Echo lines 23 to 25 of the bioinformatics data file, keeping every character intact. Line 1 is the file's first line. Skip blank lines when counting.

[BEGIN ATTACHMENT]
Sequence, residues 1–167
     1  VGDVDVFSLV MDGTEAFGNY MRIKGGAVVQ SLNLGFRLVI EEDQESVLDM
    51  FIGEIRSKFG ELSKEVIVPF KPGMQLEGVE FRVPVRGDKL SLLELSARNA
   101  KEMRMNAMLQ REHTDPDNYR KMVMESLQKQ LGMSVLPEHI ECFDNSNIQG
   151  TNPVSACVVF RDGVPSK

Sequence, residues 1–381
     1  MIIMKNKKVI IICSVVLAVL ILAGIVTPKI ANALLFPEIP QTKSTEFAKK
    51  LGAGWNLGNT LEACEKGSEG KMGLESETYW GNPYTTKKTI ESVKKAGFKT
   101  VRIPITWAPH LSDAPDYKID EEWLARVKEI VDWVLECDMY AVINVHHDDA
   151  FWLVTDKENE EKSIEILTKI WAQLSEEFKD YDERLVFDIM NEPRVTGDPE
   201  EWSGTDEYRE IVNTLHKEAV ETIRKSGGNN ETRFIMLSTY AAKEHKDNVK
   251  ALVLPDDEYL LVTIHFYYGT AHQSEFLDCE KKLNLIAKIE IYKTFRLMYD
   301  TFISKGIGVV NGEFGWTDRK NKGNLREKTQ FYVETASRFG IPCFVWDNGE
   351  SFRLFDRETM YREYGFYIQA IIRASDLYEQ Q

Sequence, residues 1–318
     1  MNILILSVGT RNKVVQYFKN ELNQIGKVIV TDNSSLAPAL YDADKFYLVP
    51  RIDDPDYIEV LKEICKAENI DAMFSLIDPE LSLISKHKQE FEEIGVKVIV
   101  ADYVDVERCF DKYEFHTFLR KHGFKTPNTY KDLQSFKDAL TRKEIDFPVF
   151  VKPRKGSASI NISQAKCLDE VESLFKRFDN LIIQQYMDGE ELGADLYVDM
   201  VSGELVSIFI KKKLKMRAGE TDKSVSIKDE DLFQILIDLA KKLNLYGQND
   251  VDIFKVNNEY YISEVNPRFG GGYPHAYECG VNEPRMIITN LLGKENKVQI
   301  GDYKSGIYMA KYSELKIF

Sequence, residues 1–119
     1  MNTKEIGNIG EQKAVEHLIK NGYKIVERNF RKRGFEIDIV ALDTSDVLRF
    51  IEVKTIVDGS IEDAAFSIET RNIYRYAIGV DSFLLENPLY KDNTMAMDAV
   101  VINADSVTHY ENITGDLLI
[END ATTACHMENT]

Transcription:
Sequence, residues 1–119
     1  MNTKEIGNIG EQKAVEHLIK NGYKIVERNF RKRGFEIDIV ALDTSDVLRF
    51  IEVKTIVDGS IEDAAFSIET RNIYRYAIGV DSFLLENPLY KDNTMAMDAV